Newman resigned from the board three weeks ago after serving seven years, the last 41/2 as its chairman. He said with the CEO in place, the duties of the board were diminished.

In defending his travel, Newman pointed out that he had given up his state-leased car three years ago, and rarely had put in for food reimbursements. And, he said, he infrequently stayed overnight in Harrisburg when attending board meetings, preferring to drive back and forth from his Montgomery County home.

When he stayed overnight in the state capital - six times in 2006 - Newman did so at the Harrisburg Hilton. So did Goldsmith, the former mayor of Easton who still lives in that city. Goldsmith stayed in Harrisburg about 20 nights in 2006. The Hilton charges about $160 a night.

Goldsmith said he prefers the Hilton because it is close to the Capitol and makes it easy for him to meet with lawmakers and other state officials.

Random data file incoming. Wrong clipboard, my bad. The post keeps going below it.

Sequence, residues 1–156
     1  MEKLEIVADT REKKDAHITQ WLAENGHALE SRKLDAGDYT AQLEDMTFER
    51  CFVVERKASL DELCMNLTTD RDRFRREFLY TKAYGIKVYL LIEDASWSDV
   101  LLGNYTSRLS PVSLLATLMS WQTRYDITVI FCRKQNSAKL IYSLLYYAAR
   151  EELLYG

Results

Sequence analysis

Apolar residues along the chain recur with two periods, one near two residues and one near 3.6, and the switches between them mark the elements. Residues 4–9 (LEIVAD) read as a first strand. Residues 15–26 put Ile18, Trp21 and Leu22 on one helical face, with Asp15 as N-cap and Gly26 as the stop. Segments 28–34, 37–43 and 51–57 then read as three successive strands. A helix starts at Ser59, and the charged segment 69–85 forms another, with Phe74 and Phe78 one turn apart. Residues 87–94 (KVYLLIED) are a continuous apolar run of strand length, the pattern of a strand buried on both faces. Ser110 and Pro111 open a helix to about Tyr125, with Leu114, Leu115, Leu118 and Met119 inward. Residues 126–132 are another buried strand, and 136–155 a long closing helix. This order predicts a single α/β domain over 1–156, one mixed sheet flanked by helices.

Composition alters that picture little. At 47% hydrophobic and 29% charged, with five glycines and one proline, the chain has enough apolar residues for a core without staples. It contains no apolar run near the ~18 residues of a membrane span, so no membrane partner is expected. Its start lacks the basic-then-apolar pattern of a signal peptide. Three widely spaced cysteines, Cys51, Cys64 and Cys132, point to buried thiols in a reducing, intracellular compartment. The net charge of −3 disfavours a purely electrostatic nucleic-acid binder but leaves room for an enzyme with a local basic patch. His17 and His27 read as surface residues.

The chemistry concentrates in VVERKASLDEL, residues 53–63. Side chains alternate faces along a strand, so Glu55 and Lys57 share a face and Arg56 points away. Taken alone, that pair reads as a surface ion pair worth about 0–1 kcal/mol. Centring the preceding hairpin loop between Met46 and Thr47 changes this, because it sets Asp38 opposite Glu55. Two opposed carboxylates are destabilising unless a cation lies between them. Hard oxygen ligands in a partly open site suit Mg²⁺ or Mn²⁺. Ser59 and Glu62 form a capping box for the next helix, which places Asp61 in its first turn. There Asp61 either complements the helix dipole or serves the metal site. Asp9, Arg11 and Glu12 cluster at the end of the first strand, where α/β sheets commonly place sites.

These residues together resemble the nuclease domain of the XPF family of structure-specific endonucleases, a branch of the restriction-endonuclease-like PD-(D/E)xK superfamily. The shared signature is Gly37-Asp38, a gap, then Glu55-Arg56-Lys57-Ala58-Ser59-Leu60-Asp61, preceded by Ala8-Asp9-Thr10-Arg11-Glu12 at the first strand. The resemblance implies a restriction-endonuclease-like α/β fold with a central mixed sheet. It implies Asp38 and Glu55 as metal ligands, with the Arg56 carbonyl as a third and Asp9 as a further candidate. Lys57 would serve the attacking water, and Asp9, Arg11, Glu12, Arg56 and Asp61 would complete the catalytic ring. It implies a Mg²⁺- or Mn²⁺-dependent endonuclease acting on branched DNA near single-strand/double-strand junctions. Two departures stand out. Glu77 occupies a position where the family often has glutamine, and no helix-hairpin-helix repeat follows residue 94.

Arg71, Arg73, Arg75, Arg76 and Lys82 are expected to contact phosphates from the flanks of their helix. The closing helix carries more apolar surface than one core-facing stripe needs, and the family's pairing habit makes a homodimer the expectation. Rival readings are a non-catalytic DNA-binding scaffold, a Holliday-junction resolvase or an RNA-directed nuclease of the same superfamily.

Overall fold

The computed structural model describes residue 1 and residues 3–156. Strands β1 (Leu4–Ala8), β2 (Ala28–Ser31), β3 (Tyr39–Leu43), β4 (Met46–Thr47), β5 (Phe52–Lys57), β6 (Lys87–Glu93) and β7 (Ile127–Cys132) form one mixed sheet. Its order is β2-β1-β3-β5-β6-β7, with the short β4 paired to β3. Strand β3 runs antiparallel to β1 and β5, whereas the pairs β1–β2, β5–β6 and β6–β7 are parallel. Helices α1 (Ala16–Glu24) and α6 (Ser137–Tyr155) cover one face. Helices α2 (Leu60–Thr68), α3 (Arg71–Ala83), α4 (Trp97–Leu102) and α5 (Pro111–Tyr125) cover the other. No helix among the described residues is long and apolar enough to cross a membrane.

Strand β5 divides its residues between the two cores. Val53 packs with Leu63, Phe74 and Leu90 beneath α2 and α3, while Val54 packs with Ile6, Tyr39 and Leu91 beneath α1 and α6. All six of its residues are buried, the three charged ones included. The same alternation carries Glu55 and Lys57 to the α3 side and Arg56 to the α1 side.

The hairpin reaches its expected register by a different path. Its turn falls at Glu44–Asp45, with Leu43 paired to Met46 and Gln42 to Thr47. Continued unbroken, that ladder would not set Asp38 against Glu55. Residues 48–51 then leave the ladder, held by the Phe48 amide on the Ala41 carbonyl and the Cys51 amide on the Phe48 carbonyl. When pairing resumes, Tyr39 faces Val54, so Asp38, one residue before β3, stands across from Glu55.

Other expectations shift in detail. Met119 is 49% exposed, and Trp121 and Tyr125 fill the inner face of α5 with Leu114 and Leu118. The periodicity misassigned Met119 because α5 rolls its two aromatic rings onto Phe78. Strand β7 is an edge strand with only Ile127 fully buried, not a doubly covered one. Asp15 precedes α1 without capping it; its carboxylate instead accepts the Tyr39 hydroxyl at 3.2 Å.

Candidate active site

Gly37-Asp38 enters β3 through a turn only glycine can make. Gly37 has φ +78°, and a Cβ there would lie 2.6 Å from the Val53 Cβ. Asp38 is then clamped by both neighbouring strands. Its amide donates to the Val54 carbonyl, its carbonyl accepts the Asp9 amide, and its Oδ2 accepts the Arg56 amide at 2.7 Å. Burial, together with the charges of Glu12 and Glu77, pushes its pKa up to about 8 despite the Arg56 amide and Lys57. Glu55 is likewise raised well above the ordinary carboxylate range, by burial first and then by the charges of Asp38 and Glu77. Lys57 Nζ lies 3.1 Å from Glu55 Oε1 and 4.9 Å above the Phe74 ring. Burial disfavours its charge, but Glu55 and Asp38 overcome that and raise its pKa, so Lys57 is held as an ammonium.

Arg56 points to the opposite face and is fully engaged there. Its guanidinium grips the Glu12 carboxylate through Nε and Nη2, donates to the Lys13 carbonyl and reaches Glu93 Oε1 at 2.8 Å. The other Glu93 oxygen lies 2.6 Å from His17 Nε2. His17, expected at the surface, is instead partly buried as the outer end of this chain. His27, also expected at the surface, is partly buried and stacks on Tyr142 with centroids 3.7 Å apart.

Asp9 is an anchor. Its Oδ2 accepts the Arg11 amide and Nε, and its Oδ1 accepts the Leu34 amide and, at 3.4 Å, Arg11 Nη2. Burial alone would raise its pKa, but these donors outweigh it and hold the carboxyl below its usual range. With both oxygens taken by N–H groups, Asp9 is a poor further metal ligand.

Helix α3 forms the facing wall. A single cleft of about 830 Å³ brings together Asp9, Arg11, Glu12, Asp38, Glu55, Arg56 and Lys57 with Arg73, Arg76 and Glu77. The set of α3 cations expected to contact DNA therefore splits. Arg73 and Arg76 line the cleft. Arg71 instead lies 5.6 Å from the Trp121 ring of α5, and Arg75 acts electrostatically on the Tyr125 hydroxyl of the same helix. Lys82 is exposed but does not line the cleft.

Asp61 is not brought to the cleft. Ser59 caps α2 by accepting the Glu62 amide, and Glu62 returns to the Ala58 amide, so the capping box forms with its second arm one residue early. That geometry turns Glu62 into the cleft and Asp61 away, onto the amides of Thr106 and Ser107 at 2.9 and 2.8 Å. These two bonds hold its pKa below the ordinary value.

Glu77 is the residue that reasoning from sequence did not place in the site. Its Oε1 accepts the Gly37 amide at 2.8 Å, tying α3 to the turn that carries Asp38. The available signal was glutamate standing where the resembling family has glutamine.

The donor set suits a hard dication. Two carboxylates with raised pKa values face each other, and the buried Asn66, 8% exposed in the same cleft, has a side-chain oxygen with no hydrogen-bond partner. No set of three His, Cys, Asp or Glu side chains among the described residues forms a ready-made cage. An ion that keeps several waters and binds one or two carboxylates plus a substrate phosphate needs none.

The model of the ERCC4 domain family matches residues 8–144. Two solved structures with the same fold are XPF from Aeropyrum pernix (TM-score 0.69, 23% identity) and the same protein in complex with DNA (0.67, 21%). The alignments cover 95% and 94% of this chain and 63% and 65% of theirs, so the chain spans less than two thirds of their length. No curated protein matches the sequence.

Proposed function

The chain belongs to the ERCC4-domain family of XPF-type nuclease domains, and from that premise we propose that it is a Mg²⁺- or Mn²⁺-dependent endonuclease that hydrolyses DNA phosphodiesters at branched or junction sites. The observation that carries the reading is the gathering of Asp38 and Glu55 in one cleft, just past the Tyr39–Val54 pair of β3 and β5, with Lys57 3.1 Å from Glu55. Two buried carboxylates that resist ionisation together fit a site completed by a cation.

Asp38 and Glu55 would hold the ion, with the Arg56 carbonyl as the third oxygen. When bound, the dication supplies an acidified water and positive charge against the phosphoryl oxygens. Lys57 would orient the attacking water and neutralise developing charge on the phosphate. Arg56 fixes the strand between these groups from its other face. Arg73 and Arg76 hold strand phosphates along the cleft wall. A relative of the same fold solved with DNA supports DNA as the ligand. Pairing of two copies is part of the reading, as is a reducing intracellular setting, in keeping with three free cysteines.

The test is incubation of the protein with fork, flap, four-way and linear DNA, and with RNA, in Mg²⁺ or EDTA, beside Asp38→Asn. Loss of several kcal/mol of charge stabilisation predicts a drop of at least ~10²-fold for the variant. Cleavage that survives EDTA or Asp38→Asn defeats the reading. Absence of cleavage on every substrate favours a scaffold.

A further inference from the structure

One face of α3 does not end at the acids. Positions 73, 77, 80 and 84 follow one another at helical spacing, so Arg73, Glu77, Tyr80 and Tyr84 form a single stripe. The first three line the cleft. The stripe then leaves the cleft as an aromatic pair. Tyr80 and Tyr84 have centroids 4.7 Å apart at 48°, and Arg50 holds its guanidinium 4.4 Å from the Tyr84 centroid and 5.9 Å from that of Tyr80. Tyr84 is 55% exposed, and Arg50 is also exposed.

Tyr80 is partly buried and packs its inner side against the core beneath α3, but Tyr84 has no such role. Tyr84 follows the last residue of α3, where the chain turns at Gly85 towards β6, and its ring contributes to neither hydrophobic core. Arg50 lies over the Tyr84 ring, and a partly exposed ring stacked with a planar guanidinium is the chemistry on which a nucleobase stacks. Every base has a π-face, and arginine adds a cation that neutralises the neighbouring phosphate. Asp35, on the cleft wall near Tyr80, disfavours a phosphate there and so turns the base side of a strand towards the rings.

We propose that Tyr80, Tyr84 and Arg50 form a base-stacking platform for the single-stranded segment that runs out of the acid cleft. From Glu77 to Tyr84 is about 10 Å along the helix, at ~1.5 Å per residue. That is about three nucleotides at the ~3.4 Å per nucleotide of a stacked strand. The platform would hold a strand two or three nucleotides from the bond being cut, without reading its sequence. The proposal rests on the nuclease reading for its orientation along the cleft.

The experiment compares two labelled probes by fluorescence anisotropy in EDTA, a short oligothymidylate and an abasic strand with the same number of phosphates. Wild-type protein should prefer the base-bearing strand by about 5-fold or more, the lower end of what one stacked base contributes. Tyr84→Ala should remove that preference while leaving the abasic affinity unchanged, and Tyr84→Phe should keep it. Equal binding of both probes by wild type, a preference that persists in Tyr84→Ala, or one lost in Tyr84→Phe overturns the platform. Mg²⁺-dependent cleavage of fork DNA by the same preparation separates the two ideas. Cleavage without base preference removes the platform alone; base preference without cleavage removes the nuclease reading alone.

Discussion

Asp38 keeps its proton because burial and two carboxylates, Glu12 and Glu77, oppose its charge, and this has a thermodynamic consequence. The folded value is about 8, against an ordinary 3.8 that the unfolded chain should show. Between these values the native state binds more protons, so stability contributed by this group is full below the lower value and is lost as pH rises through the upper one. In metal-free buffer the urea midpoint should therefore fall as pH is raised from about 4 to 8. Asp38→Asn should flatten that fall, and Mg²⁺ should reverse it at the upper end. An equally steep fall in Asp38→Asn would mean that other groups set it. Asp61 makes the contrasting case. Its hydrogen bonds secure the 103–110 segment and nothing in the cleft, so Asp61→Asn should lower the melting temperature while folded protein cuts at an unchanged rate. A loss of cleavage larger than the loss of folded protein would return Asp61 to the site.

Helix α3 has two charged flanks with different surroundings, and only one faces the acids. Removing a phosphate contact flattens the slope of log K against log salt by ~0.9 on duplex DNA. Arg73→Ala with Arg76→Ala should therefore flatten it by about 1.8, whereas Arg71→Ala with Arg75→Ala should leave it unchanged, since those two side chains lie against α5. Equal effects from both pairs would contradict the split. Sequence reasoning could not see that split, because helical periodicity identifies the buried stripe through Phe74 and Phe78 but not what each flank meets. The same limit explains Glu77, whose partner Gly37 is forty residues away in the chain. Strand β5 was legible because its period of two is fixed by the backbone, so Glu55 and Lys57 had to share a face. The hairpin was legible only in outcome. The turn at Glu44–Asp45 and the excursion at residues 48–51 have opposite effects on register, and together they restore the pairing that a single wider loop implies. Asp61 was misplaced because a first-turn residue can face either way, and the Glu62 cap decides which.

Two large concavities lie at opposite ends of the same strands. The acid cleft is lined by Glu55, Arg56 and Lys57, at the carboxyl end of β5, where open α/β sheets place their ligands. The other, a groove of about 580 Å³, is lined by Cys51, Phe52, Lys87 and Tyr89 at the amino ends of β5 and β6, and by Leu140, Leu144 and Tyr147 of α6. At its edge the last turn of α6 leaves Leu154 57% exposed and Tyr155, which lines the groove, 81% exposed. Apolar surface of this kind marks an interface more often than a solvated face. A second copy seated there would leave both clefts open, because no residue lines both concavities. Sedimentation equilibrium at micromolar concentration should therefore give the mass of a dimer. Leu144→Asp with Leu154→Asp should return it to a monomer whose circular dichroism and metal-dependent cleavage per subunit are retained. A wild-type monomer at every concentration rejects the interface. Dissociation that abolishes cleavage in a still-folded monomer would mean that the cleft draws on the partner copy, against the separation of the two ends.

Stapleton drives just several miles from the capital to Camp Hill, where he stays at the Radisson for half the cost - $81 a night.

Goldsmith's expenses also show that when he travels to Philadelphia for wine festivals and other events, he has stayed at the best hotels, including the Four Seasons ($345 a night) and the Ritz Carlton ($349 a night). He said that whenever he travels, he asks for the government rate at hotels - which provide rooms at a discount - but that it's not always available.

"I'm entitled to modest accommodations," Goldsmith said. "I don't think I have to stay at the absolutely cheapest hotel. I don't think that is expected."

Next month, Goldsmith and Stapleton are planning to travel to the Napa Valley on a wine-buying trip that Newman had booked before he resigned.

Contact staff writer Mario F. Cattabiani at 717-787-5990 or mcattabiani@phillynews.com.